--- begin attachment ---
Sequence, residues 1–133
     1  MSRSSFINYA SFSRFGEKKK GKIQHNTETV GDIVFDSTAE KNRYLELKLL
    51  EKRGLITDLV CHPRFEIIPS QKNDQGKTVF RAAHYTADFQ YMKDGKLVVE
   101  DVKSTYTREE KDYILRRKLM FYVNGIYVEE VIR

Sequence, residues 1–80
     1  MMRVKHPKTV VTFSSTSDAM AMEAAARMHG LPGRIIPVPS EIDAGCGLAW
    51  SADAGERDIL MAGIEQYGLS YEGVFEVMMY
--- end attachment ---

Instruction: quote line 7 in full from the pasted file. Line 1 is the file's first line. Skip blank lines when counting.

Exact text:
    51  SADAGERDIL MAGIEQYGLS YEGVFEVMMY